A large New York medical center reduced the number of CT scans and radiation dose delivered to emergency department patients with suspected pulmonary emboli (PE) by holding collaborative educational seminars for staff and routing patients to CT pulmonary angiography (CTPA) or ventilation perfusion (V/Q) scanning based solely on their chest X-ray results, according to a study published in the February issue of the American Journal of Roentgenology.
A V/Q scan evaluates the ability of air to reach all portions of the lungs and also measures the supply of blood through the lungs. CTPA uses a CT scan to obtain an image of the pulmonary arteries. "The total effective radiation dose from CTPA is approximately five times greater than that from V/Q scanning, and the dose is 20 – 40 times greater to the female breast," said Linda B. Haramati, MD, MS, lead author of the study. "Most physicians are not aware of these differences," said Haramati.
Collaborative educational seminars were held among the radiology, nuclear medicine, and emergency medicine departments regarding the radiation dose and accuracies of V/Q scanning and CTPA for diagnosing PE at Montefiore Medical Center in the Bronx, NY. In addition, an imaging algorithm was introduced in which emergency department patients with a clinical suspicion of PE underwent chest radiography. If the chest radiograph was normal, V/Q scanning was recommended, otherwise CTPA was recommended.
As a result of the educational intervention and new algorithm, "the number of CTPA examinations performed at our center decreased from 1,234 in 2006 to 920 in 2007, and the number of V/Q scans increased from 745 in 2006 to 1,216 in 2007. The radiation was reduced by 20 percent, from 8.0 mSv in 2006 to 6.4 mSv in 2007," said Haramati.
"The purpose of our study was to decrease radiation exposure to emergency department patients with suspected PE, for whom imaging was clinically warranted, by safely increasing the use of V/Q scanning and decreasing the use of CTPA through an educational intervention," she said.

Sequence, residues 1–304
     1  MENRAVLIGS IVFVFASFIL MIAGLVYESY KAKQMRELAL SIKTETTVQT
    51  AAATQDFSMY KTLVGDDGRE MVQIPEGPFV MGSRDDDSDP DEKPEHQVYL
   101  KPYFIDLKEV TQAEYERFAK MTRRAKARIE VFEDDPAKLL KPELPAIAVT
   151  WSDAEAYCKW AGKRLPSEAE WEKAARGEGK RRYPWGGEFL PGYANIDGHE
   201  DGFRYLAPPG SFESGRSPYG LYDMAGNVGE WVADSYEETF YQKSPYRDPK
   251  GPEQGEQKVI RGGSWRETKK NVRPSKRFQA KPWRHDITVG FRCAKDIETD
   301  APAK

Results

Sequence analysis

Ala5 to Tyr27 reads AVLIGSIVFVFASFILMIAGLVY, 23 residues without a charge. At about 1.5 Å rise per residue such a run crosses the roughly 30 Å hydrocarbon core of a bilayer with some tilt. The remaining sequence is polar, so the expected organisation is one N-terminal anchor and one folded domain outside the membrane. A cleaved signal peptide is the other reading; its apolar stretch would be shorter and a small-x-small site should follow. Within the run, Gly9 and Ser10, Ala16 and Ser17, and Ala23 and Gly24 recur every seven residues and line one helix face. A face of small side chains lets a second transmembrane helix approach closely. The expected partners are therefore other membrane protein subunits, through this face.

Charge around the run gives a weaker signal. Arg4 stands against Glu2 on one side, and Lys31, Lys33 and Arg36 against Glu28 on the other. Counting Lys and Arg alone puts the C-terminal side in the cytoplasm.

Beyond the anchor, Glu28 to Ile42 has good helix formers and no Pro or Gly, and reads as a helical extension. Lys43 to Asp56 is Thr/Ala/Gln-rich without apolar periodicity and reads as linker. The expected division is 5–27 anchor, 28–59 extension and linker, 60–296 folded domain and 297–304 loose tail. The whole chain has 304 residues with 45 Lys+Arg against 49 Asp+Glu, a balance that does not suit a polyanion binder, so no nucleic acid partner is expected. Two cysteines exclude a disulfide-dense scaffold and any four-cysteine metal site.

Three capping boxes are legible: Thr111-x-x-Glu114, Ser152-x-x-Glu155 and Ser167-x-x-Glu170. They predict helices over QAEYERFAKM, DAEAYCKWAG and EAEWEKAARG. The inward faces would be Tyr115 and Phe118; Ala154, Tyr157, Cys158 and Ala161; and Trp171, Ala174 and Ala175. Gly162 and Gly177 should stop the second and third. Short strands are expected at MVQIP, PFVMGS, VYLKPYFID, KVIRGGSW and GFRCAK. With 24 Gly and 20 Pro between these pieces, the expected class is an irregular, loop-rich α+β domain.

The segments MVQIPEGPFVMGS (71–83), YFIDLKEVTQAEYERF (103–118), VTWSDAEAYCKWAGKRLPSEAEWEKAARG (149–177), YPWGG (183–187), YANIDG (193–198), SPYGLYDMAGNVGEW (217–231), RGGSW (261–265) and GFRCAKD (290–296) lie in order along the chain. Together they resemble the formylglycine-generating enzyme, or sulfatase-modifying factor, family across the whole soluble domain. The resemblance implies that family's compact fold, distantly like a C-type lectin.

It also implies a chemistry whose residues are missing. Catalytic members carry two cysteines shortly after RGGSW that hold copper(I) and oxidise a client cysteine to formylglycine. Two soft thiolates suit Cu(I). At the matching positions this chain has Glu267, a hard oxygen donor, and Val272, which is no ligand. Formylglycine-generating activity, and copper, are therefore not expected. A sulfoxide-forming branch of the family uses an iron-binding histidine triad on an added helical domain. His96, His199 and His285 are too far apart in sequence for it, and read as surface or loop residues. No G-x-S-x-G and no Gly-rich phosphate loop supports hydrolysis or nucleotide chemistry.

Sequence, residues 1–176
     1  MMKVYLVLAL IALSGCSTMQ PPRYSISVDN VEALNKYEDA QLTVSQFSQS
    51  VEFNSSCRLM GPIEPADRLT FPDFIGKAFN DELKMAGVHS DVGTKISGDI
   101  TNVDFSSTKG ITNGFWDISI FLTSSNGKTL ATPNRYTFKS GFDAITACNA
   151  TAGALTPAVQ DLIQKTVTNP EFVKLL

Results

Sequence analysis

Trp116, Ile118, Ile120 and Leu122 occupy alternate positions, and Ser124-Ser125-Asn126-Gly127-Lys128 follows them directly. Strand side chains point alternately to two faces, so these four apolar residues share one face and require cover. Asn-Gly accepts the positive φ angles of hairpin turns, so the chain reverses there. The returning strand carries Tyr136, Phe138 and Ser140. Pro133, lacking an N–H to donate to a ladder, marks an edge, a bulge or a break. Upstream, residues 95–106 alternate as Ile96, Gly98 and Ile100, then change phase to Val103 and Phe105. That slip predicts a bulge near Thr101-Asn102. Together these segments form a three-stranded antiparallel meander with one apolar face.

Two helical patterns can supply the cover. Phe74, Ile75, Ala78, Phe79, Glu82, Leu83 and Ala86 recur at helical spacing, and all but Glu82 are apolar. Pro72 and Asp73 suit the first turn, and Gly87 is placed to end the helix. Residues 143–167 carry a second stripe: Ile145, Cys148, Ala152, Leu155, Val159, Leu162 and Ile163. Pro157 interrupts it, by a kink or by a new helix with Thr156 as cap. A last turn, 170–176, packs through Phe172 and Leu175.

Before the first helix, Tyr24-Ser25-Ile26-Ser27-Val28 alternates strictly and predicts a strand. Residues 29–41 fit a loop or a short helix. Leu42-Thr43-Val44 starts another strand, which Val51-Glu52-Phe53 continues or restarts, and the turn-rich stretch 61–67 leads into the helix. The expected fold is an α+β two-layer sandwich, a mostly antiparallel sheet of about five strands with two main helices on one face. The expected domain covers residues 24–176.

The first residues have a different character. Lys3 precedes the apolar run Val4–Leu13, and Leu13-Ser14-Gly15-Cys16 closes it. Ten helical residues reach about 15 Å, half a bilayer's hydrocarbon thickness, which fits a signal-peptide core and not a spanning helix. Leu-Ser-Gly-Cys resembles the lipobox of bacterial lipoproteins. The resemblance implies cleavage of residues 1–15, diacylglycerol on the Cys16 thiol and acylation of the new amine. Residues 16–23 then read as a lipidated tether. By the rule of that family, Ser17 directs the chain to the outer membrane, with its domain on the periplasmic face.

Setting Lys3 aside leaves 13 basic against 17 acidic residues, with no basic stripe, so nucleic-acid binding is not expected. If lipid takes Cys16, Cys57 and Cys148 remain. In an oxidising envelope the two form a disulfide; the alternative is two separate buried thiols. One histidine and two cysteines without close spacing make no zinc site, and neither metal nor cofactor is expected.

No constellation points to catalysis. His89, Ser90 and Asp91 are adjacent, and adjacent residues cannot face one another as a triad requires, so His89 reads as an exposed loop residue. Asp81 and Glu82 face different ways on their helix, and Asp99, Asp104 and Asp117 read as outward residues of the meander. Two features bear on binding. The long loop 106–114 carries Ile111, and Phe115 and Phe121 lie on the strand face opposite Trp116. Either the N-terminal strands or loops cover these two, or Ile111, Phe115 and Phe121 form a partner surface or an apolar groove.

"We have shown that a simple, collaborative educational intervention and routing of patients to CTPA or V/Q scanning based on the results of chest radiography can change the practice pattern in the emergency department for patients with suspected PE. The use of V/Q scanning in patients with normal chest radiographs results in considerably lower patient radiation exposure," said Haramati.
This study appears in the February issue of the American Journal of Roentgenology. For a copy of the full study or to request an interview with Dr. Haramati, please contact Heather Curry via email at email@example.com or at 703-390-9822.
The American Roentgen Ray Society (ARRS) was founded in 1900 and is the oldest radiology society in the United States. Its monthly journal, the American Journal of Roentgenology, began publication in 1906. Radiologists from all over the world attend the ARRS annual meeting to participate in instructional courses, scientific paper presentations and scientific and commercial exhibits related to the field of radiology. The Society is named after the first Nobel Laureate in Physics, Wilhelm Röentgen, who discovered the x-ray in 1895.
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